Some utility companies and public agencies have rebate programs in place to encourage customers to upgrade their existing standard-efficiency motors to NEMA Premium™ efficiency motors. Yet, to accurately estimate energy savings and determine annual dollar savings requires knowing the efficiency of the existing motor.
Efficiency is output power divided by input power, yet most of the methods and devices attempt to assess losses to circumvent the difficult task of measuring shaft output power. Efficiency needs to be measured accurately because, as shown in Table 1, a single percentage point of improved efficiency is worth significant dollar savings - even for motors as small as 25 horsepower (hp). A good electric power meter can provide an accuracy of 1 percent, but an inexpensive, portable way to measure shaft output power of a coupled motor does not exist. A further complication is that motor efficiency is dependent upon loading, power quality, and ambient temperature.
Credible efficiency ratings are normally obtained in a laboratory, following carefully controlled dynamometer testing procedures as described in IEEE Standard 112(b). Field measurements for determining motor efficiency pose challenges that require developing various methods and devices.
Motor losses fall into several categories that can be measured in various ways:
• Stator electric power (I2
• Rotor electric power (I2
• Friction and windage losses (including bearing losses, wind resistance, and cooling fan load).
• Stator and rotor core losses.
• Stray load losses (miscellaneous other losses).
The most direct and credible methods of measuring these losses involve considerable labor, equipment, and the availability of electrical power. Power readings must be taken with the motor running under load, then uncoupled and running unloaded. Winding resistance must be measured. Temperature corrections must be performed.
Some of the available field motor-efficiency estimation methods include:
• Loss accounting methods.
These measure most of the above losses using either special dedicated “lab-in-a-box” devices or very accurate conventional instruments, for example, power meters, thermometers, and micro-ohmmeters. These methods have the potential of being accurate within 1 percent to 3 percent if carefully applied. The necessary instruments are costly and the process is very time and labor consuming. Power meters must be accurate at very low power factors that occur when motors operate unloaded.
• Slip method.
The slip method has largely been discredited as a viable technique for estimating motor efficiency. This method computes shaft output power as the rated horsepower multiplied by the ratio of measured slip to the slip implied by the nameplate. Slip is the difference between synchronous and shaft speed.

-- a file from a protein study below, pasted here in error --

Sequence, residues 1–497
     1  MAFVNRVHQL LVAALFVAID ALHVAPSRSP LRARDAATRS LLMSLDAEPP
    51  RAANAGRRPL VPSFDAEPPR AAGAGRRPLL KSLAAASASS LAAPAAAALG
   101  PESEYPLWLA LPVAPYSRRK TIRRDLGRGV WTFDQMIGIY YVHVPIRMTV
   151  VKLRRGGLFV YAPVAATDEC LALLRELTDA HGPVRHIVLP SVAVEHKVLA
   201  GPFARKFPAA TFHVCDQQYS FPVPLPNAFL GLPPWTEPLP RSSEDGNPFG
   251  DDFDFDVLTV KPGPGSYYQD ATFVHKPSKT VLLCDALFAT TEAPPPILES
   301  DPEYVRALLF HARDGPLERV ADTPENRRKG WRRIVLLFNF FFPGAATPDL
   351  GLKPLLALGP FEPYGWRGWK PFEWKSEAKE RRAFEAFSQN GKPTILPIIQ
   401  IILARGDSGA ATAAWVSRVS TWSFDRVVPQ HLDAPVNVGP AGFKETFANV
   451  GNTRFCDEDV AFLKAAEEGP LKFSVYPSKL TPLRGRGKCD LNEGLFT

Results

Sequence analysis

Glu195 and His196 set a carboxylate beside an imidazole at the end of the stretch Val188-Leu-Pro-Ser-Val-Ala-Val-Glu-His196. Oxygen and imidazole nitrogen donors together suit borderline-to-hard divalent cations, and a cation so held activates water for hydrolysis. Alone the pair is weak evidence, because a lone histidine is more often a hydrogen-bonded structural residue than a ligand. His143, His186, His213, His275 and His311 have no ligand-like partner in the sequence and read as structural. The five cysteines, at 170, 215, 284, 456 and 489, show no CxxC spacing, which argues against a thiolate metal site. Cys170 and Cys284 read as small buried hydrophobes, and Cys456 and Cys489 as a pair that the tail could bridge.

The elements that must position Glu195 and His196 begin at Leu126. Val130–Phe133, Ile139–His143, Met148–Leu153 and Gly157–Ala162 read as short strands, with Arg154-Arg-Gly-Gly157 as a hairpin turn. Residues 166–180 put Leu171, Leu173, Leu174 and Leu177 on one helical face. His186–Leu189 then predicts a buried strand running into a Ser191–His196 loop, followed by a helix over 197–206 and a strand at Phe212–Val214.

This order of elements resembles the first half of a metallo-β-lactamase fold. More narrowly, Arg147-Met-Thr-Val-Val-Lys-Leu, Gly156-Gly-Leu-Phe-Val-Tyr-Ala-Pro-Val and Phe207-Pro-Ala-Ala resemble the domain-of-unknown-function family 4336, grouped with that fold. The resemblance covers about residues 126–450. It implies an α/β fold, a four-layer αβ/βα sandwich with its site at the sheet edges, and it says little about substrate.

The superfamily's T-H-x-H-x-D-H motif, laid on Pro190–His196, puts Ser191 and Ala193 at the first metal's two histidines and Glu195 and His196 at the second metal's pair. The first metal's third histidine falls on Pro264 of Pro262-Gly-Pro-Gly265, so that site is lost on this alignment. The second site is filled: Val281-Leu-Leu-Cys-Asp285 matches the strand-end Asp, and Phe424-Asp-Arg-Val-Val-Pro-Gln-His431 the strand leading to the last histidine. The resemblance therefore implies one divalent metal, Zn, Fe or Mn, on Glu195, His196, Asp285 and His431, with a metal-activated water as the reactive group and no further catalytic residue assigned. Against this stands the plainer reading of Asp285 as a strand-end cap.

• Current signature predictive maintenance devices.
A number of sophisticated devices are marketed for analyzing motor condition, particularly current harmonics, based upon electrical measurements of an operating motor. While the accuracy of these devices has not been verified, the marginal cost and labor of using these devices is small if they are already deployed for predictive maintenance uses.
• MotorMaster+ 4.0.
The U.S. Department of Energy’s (DOE’s) MotorMaster+ 4.0 software incorporates several methods for determining motor load. These involve the use of motor nameplate data in conjunction with selected combinations of input power, voltage, current, and/or operating speed. With the percent load known, the software determines as-loaded efficiency from default tables based on the motor type, condition, and horsepower. MotorMaster+ automatically chooses the best available method based upon the data it is given.
Conduct predictive maintenance tests to reveal whether efficiency is below the original or nameplate level. Decreased efficiency may be due to:
• Higher winding resistance compared to manufacturer specifications or an earlier measurement. This may be caused by winding being at a higher temperature than that of the manufacturer’s resistance specifications or by rewinding with smaller diameter wire. A low resistance ohmmeter is often required for winding resistance tests.
• Increase in no-load power or core losses. Core loss testing requires motor disassembly and is performed in a motor service center.
• Significant current unbalance when voltage is balanced.
• Evidence of cage damage.
ResourcesU.S. Department of Energy (DOE)
- For additional information on motor and motor-driven system efficiency measures, to obtain the DOE’s MotorMaster+ software, or learn more about training, visit the BestPractices Website at www.eere.energy.gov/industry/bestpractices. Reprinted from Motor Systems Tip Sheet #2, “Estimating Motor Efficiency in the Field,” from the U.S. Department of Energy’s Office of Energy Efficiency and Renewable Energy. For more information, visit www.eere.energy.gov. Publication date: